Study provides design ideas for key management in multi-user scenarios

The requirements for secure management and storage of cryptographic keys grow when multiple users need access to the keys. "By default, this is the case for crypto funds, for example. Since a change in the law in 2022, such funds have become a bigger issue in financial institutions in Germany and, as with other funds, they are usually managed by several employees. In addition, employees must be able to cover for each other in the event of vacation or illness," explains Guthoff. She did a survey with 13 employees in financial institutions enquiring about the security and confidentiality requirements the institutions had for key management and the optimal key management envisioned by employees. "The results of this study can help design key management solutions that meet the needs of financial institutions, that are secure yet practical."

In practice, employee turnover is one of the biggest challenges for key management with multiple users. "Once an employee had access to a key, there is the risk that they have copied it. In that case, they can still access the assets, even if they have resigned in the meantime or hold a different position," says Guthoff. A good solution to this problem, according to some study participants, might be a program that allows keys to be used for transactions but does not allow direct access to the key itself. "Across the board, participants overwhelmingly wanted technical solutions for storing keys that could be secured by multiple factors, such as TANS and passwords."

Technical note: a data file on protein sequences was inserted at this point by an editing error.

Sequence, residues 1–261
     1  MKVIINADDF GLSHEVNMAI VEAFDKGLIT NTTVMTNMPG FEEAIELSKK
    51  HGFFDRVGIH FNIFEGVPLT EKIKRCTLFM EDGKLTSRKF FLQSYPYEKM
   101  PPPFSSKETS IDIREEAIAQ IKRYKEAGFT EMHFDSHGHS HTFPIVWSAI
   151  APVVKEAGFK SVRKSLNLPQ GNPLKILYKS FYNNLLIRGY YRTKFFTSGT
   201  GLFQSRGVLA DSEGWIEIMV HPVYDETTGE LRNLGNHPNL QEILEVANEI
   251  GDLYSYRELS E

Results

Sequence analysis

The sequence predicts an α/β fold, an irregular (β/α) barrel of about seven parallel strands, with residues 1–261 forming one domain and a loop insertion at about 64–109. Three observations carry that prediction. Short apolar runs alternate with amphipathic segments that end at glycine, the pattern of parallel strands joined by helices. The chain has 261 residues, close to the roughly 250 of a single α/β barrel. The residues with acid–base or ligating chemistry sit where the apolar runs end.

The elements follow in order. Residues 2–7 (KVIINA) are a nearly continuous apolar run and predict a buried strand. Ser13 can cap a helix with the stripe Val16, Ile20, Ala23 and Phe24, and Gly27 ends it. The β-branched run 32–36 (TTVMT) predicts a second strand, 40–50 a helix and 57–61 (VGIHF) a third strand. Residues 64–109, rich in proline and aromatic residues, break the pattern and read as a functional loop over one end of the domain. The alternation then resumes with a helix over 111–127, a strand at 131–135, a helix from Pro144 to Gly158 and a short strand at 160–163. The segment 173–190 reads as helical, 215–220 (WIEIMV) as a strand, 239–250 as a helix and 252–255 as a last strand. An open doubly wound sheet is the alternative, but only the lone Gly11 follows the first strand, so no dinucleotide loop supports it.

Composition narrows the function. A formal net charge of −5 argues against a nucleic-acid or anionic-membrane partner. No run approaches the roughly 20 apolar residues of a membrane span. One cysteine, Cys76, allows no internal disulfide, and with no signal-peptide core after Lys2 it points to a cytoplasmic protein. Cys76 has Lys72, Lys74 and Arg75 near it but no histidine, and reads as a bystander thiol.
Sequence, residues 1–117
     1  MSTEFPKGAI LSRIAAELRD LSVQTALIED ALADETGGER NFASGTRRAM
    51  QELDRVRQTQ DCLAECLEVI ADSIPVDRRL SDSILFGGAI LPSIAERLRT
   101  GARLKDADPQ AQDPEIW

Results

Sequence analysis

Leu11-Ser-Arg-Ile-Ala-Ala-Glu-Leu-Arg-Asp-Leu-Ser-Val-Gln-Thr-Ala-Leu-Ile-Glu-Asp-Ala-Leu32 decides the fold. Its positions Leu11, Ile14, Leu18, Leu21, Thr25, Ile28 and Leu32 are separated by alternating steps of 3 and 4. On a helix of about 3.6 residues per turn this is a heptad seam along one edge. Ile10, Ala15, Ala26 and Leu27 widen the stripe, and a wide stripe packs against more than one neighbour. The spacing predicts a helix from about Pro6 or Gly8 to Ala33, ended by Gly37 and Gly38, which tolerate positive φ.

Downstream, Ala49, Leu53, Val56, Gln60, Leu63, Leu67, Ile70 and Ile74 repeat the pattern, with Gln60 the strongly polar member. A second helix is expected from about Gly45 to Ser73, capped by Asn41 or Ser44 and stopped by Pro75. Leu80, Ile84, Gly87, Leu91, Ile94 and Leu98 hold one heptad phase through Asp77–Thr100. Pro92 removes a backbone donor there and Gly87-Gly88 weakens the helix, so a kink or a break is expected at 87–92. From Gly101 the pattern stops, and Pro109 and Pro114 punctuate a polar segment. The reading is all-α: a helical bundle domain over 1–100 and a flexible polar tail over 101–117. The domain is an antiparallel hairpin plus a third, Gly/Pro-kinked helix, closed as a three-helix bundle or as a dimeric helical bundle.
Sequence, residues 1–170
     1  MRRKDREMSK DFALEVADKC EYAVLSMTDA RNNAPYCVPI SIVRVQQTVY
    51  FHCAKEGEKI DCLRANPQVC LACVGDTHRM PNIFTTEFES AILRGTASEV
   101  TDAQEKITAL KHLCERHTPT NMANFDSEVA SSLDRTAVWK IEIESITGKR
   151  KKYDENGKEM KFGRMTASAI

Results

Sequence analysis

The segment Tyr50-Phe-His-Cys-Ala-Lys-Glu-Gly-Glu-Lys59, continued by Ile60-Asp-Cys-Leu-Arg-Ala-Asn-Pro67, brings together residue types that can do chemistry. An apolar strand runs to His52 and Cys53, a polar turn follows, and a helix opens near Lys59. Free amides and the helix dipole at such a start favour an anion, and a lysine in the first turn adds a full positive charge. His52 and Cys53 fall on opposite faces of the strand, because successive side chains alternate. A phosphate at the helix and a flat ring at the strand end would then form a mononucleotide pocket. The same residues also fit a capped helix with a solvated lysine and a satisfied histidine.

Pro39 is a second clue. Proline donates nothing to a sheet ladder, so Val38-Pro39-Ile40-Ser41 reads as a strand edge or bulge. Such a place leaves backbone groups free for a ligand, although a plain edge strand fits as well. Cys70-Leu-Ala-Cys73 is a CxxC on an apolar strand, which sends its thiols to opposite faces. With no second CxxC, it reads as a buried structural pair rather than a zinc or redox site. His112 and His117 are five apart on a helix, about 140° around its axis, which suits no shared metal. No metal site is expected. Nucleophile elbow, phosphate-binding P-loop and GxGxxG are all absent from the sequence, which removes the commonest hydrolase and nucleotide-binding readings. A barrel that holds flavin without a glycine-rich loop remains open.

Another important question is how to deal with liability and responsibility issues. Many of the respondents think that models for optimal key management and for the allocation of access rights to assets should correspond to the organizational structure of their company. "This means, for example, that CEOs have access to higher assets than ordinary employees and should be given extended access rights," Guthoff explains. Most respondents also wanted key management that did not require too much background knowledge of digital signatures and that was easy to use. Some respondents found it useful to involve an intermediary between the financial institution and the trading platform who could take over key management and its security, provided there was an appropriate relationship of trust.

Many exciting research questions

For CISPA researcher and PhD student Carolyn Guthoff, this was the first paper she submitted to a conference. "That my paper was accepted at the prestigious S&P is wonderful. It encourages me." Despite her recent deep dive into cryptocurrency, Guthoff is not planning to focus her research on financial topics in the future. "Working on this topic was super exciting, but now I will turn to other research questions. I'm particularly interested in topics where the ideas and demands of security researchers and the realities of users' lives don't really fit together." There are probably still a few of those.


You can read Guthoff’s entire paper here: